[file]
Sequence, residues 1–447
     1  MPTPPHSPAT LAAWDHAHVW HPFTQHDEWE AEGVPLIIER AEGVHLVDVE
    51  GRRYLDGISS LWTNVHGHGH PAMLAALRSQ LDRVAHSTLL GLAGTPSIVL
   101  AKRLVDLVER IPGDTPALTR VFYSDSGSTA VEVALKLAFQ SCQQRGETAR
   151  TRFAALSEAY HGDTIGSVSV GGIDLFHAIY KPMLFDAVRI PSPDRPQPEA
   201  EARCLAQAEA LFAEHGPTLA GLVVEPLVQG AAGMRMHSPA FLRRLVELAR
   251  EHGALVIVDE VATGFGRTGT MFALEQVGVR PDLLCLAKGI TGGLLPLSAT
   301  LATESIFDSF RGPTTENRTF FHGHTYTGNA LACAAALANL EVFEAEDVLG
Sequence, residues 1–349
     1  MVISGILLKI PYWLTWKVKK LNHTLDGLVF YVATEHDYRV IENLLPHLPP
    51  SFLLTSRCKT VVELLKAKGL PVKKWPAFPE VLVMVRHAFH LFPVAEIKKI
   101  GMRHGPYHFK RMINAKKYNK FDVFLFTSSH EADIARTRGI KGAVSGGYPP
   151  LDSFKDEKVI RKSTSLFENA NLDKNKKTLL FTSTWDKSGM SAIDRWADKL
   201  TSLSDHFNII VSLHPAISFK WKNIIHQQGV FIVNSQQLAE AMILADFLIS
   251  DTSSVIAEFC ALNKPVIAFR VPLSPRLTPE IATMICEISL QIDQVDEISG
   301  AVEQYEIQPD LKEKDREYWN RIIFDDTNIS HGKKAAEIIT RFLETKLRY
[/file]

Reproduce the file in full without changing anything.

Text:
Sequence, residues 1–447
     1  MPTPPHSPAT LAAWDHAHVW HPFTQHDEWE AEGVPLIIER AEGVHLVDVE
    51  GRRYLDGISS LWTNVHGHGH PAMLAALRSQ LDRVAHSTLL GLAGTPSIVL
   101  AKRLVDLVER IPGDTPALTR VFYSDSGSTA VEVALKLAFQ SCQQRGETAR
   151  TRFAALSEAY HGDTIGSVSV GGIDLFHAIY KPMLFDAVRI PSPDRPQPEA
   201  EARCLAQAEA LFAEHGPTLA GLVVEPLVQG AAGMRMHSPA FLRRLVELAR
   251  EHGALVIVDE VATGFGRTGT MFALEQVGVR PDLLCLAKGI TGGLLPLSAT
   301  LATESIFDSF RGPTTENRTF FHGHTYTGNA LACAAALANL EVFEAEDVLG
Sequence, residues 1–349
     1  MVISGILLKI PYWLTWKVKK LNHTLDGLVF YVATEHDYRV IENLLPHLPP
    51  SFLLTSRCKT VVELLKAKGL PVKKWPAFPE VLVMVRHAFH LFPVAEIKKI
   101  GMRHGPYHFK RMINAKKYNK FDVFLFTSSH EADIARTRGI KGAVSGGYPP
   151  LDSFKDEKVI RKSTSLFENA NLDKNKKTLL FTSTWDKSGM SAIDRWADKL
   201  TSLSDHFNII VSLHPAISFK WKNIIHQQGV FIVNSQQLAE AMILADFLIS
   251  DTSSVIAEFC ALNKPVIAFR VPLSPRLTPE IATMICEISL QIDQVDEISG
   301  AVEQYEIQPD LKEKDREYWN RIIFDDTNIS HGKKAAEIIT RFLETKLRY